BOOK REVIEW | Digital Liturgies

Digital Liturgies by Samuel D. James is a really helpful book to address how we are feeling these days as it relates to technology and the way it impacts our relationship with the Lord and with those He has called us to be in relationship with. We weren’t made to live on the other side of a screen all the time (sort of ironic as I prepare to post this on my blog and will no doubt share to social media.). The Lord has more for us…He created us for so much more.

I highlighted several things while reading and have posted them below. Also, while I was typing these up…I texted them to several friends and colleagues as well. So many helpful and sobering reminders!

  • In just a few years, these digital technologies had gone from something we were all excited to try, to something we were all desperate to somehow escape (at least temporarily). p. 3
  • One of the great things about being a Christian is that in a listless and frantic age, you don’t have to chase after every new idea or attitude.  To be a Christian is to go to bed every night knowing that you have a completely trustworthy, completely solid, and completely good word from the Creator of the universe. p. 11
  • How has the idea of a person being stuck in the “wrong body” become not just respected but orthodox in many circles?  There are many legitimate answers, but this book offers an overlooked one: digital technology has recalibrated our worldviews and reshaped our consciences not to see the good givenness of our bodies. p. 30
  • Technology is never neutral, because objects are made by people with an agenda of some sort.” from David Rooney’s About Time: A History of Civilization in Twelve Clocks (2021), p. 11
  • Repetition, as much as it exasperates, is important.  It can make us better at something.  It can make a person faster and recite better.  But most amazingly of all, repetition can actually change the kind of people we are.  It turns out that in God’s providential design of our bodies, repetition has an astonishing power to reshape our minds, recalibrate our desires, and even redefine our beliefs.  As we immerse ourselves in something time and time again, our thoughts, feelings, and intuitions begin to align with whatever that is.  Especially if that thing is the internet. p. 50
  • In our culture that prizes “authenticity” and places a premium on novelty and uniqueness, imitation has received a bad rap, as if being an imitator is synonymous with being a fake (think “imitation leather”). But the New Testament holds imitation in a very different light. Indeed, we are exhorted to be imitators. “Follow my example,” Paul says, “as I follow the example of Christ” (1 Cor. 11:1). Similarly, Paul commends imitation to the Christians at Philippi: “join together in following my example, brothers and sisters, and just as you have us as a model, keep your eyes on those who live as we do” (Phil. 3:17). Like a young boy who learns to shave by mimicking what he sees his father doing, so we learn to “put on” the virtues by imitating those who model the Christlike life. This is part of the formative power of our teachers who model the Christian life for us. It’s also why the Christian tradition has held up as exemplars of Christlikeness the saints, whose images were often the stained glass “wallpaper” of Christian worship… Such moral, kingdom-reflecting dispositions are inscribed in your character through rhythms and routines and rituals, enacted over and over again, that implant in you a disposition to an end (telos) that becomes a character trait—a sort of learned, second-nature default orientation that you trend toward “without thinking about it.” p. 55 from You Are What You Love: The Spiritual Power of Habit by James K.A. Smith (2016).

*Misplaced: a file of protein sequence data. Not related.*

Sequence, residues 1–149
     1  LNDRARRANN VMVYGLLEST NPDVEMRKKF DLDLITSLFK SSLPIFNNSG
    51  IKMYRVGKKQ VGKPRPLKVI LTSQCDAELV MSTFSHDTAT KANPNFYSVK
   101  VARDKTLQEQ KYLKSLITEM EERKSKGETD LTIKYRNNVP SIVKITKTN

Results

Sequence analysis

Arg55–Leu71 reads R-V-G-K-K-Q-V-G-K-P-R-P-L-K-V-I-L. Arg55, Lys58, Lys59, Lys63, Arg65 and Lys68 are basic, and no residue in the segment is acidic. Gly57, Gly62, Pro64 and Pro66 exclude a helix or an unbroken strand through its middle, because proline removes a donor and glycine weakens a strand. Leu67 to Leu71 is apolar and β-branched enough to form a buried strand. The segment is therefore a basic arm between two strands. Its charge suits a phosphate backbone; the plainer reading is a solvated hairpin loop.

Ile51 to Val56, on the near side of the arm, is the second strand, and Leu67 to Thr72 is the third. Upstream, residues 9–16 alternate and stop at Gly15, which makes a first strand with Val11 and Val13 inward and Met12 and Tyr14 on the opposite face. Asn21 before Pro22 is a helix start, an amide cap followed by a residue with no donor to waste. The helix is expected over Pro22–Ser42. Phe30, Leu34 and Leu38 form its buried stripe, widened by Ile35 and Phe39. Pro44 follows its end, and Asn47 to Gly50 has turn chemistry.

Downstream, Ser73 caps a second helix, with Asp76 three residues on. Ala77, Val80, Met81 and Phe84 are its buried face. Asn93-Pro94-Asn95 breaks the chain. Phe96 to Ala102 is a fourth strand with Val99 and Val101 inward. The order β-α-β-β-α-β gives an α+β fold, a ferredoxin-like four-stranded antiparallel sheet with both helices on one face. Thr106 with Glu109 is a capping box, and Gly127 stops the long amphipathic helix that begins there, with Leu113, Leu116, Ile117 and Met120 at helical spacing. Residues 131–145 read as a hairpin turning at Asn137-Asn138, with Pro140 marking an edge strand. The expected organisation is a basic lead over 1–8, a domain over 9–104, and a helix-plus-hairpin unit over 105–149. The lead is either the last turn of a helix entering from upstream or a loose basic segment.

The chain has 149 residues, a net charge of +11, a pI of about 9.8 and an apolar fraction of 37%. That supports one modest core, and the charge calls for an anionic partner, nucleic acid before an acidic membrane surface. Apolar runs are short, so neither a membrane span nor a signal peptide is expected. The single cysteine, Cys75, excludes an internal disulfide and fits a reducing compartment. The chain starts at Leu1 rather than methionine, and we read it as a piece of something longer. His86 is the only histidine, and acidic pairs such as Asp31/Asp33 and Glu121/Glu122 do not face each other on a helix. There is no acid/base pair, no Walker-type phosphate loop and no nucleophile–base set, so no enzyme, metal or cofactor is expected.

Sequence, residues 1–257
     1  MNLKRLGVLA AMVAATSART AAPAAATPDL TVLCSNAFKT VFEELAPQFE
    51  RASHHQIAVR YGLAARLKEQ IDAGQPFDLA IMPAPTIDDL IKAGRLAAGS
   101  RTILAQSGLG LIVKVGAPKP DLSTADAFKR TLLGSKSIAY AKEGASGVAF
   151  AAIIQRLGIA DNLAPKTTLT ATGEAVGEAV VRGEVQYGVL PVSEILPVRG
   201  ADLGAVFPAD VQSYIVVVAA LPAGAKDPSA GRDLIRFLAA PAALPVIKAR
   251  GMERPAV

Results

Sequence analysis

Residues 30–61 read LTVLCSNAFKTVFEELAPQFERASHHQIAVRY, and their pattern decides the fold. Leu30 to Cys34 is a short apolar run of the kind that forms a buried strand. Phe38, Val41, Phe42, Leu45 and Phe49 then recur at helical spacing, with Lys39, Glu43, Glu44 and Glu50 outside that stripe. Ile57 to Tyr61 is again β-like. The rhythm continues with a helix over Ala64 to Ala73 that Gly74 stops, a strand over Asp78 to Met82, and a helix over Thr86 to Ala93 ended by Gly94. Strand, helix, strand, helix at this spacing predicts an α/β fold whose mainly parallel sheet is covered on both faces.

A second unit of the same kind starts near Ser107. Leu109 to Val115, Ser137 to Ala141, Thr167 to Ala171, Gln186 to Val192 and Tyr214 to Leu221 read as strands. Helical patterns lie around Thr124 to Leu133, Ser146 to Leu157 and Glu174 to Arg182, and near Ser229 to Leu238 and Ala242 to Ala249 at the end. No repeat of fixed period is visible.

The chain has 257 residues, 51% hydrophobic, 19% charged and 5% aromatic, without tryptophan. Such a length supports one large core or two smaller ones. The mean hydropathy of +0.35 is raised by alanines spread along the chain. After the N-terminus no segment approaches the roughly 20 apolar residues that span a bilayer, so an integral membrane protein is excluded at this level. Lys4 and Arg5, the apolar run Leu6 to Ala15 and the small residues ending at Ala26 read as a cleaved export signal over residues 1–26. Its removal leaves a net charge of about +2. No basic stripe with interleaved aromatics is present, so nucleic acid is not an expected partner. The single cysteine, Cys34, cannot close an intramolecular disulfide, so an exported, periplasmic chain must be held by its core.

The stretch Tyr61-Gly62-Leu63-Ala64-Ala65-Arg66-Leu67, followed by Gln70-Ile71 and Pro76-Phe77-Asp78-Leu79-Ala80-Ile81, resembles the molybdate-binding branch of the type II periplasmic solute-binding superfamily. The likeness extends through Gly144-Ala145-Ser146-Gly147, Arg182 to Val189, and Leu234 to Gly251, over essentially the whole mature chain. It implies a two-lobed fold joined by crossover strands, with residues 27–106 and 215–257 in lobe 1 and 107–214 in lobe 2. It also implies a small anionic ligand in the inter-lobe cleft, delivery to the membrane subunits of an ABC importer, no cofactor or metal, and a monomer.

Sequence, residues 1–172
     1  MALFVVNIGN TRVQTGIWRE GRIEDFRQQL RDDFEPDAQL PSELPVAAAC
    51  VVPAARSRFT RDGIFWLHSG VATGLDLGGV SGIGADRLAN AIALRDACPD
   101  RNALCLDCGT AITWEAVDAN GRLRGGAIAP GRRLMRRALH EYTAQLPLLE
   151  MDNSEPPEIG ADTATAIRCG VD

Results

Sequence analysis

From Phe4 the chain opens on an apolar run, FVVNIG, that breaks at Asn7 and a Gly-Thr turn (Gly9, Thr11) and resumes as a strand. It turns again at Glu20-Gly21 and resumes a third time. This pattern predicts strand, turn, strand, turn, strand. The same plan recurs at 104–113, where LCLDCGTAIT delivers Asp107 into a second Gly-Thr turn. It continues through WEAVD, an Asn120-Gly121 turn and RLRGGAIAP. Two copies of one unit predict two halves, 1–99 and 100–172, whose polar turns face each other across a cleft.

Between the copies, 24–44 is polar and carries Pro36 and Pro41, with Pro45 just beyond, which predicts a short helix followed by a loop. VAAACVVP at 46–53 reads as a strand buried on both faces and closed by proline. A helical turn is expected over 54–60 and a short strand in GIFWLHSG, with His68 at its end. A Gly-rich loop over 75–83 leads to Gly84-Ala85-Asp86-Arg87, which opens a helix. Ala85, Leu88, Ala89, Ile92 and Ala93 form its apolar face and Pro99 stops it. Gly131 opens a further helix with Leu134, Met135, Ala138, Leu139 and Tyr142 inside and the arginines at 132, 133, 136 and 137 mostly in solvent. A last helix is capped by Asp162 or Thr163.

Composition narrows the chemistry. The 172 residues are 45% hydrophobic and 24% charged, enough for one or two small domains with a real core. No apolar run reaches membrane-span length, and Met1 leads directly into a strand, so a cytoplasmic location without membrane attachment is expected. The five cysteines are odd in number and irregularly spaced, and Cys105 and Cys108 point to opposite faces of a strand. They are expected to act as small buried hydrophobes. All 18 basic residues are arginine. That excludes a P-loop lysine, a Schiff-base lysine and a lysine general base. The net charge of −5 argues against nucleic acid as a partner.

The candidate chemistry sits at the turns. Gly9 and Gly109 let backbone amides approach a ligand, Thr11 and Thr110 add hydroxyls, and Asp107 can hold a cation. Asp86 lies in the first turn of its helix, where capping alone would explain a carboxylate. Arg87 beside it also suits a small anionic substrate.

• One example (of how the internet transforms language) is hyperlinks, which allow words on the internet to contain in themselves access to other words. If those other words also have hyperlinks, then they contain in themselves access to more words. This potentially endless rabbit-hole effect in digital language changes how we process information, evaluate claims, or reflect on ideas. “Links don’t just point us to related or supplemental works; they propel us toward them. They encourage us to dip in and out of a series of texts rather than devote sustained attention to any one of them. Hyperlinks are designed to grab our attention. Their value as navigational tools is inextricable from the distraction they cause. from The Shallows: What the Internet Is Doing to Our Brains by Nicholas Carr, p. 90
  • We demand shorter and shorter books that will accommodate our diminished focus and present to us more like what we read online.  We are becoming less tolerant of friends who voice opinions we dislike, so accustomed we are to being able to mute or delete that which discomforts us.  We are becoming much more anxious, unable to accept stillness or silence that cuts against our daily intake of new noise.  These real, offline effects emerge from our online habits because, in God’s providential design, our minds are also brains-physical objects with pathways and neurons and adaptability. p. 62